Waze's Ambitious Plan To End Traffic For Good
In the mid-2000s, Waze Mobile co-founder Ehud Shabtai received a cutting-edge gift from his girlfriend: a GPS.
The expensive gadget was supposed to be a helpful device. But straight out of the box, it was already out-of-date and malfunctioning.
Shabtai, a longtime open-source coding enthusiast who graduated from Tel Aviv University with degrees in computer science and philosophy, had the immediate instinct to reinvent. He thought the GPS display should better reflect a region’s changing infrastructure.
Shabtai’s solution? To build an app, joining the elite ranks of innovative entrepreneurs with ideas that resonate at scale. With 80 million monthly active users globally and nearly 400,000 superusers who function much like Wikipedia volunteer editors (editing maps rather than words), Waze Mobile is no longer one coder’s curious upstart startup, but a revolutionary approach to navigation that caught the eye of a tech giant.
Acquired by Google for more than $1 billion in 2013, much of Waze’s value stems from its high rate of user engagement. Unlike traditional navigation apps that simply dictate directions, Waze asks its users to report accidents, backups and other road conditions in real time so other users can dodge the traffic by using an alternate route. Participation is incentivized through “gamification” — users can earn points, badges and other rewards while listening to playful variations on audio navigation (Morgan Freeman’s voice, for example).
The goal behind Waze’s crowdsourced, user-centered approach is an ambitious one: not just avoid traffic, but end it altogether. And it’s not as crazy as it sounds. With a shifting transportation landscape ripe for innovation and Google’s backing, Waze is finding new ways to put its loyal and active user base to use to make that vision a reality, including a plan to make carpooling cool.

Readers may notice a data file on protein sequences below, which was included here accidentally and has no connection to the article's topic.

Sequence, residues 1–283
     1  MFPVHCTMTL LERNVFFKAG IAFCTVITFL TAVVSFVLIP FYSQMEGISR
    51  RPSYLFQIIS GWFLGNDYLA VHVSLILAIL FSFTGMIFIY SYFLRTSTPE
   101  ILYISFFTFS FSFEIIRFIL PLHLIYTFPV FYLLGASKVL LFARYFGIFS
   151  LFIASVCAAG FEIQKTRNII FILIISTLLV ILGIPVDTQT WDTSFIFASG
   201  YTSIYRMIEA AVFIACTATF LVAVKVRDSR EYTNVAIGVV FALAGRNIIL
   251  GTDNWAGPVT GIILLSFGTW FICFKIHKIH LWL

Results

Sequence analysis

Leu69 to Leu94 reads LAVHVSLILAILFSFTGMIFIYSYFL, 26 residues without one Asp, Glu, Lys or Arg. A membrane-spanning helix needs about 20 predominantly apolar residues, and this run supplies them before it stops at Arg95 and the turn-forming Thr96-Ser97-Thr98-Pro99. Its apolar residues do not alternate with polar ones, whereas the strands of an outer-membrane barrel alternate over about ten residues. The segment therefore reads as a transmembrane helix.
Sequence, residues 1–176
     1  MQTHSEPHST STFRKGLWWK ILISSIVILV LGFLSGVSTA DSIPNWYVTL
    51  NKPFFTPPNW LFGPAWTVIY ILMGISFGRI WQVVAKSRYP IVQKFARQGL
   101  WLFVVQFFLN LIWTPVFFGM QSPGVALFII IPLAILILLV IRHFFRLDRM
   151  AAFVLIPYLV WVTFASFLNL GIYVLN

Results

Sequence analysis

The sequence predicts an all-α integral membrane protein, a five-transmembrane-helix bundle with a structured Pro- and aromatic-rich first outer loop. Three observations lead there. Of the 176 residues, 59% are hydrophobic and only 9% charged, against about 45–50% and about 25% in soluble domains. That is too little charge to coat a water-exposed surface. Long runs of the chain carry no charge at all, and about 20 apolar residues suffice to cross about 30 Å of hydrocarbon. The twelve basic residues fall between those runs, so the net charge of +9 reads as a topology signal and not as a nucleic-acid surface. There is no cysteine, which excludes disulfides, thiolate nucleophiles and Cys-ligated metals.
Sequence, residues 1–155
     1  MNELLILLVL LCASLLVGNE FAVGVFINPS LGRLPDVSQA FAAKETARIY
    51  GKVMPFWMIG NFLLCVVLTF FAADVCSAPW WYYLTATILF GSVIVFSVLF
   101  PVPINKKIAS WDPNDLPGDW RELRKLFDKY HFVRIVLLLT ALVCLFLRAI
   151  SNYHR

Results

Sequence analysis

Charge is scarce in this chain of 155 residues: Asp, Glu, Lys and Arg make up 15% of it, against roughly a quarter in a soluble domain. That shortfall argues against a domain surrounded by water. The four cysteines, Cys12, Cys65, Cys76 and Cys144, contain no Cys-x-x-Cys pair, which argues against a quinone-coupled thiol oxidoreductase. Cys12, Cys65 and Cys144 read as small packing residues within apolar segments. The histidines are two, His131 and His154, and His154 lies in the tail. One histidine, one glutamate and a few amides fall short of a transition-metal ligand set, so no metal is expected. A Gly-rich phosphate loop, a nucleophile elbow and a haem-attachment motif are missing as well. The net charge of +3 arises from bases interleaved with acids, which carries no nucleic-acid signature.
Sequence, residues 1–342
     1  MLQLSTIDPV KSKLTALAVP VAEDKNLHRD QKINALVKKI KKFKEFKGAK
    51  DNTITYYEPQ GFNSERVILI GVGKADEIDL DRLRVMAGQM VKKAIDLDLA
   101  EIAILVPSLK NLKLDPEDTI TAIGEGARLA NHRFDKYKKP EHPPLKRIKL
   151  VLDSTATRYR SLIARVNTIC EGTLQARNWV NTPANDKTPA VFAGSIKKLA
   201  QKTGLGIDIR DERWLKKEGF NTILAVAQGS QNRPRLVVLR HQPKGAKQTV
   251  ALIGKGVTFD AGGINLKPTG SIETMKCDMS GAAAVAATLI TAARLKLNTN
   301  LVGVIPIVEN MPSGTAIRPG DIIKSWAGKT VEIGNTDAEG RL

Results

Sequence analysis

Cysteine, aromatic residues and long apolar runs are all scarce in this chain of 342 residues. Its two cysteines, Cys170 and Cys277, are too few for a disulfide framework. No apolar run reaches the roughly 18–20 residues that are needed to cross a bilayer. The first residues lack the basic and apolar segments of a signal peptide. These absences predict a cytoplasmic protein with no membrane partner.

To be sure, congestion is a problem plaguing cities and commuters the world over. Every year U.S. drivers waste $1,200 in fuel and precious time sitting in traffic, according to a recent study. It’s a problem everyone wants to solve, driving car and tech companies to throw millions at everything from navigation to ride-sharing to driverless cars.
Waze has been quietly ahead of the game for some time. In 2013, when Waze was just a small digital-mapping business with limited resources, it had something Google Maps and other competitors didn’t: richer GPS guidance thanks to its stream of live traffic reports from users.
These users were the cornerstone of Shabtai’s plan to solve for his GPS device’s “dumb” hardware: He grounded the app in software that could be perpetually updated by anyone.
“That in and of itself was a really innovative concept — to develop software that lives in the cloud, can be downloaded to any smartphone, and go incredibly viral, growing really quickly,” says Julie Mossler, Waze’s head of global brand and marketing. “Because we had this community of volunteer map editors, we were able to expand throughout the world from Israel without having to open a bunch of offices or do a lot of hiring. That was key to our success on a limited startup budget.”
That smartphone-wielding drivers of any economic status or market can participate is of core value to Waze, Mossler says.
“Anyone can become an editor. It takes just five minutes to watch [instructional] YouTube videos and begin to make map edits to the kilometer or so around your own home,” she says. “Anyone can have an impact in his or her own backyard.”
These volunteer editors take their role seriously, obsessively spending hours updating map information to help fellow road warriors. This viral, crowdsourced approach to navigation has spread to other traffic-ending ideas, leading the company to roll out a new Waze Carpool app in California and Brazil.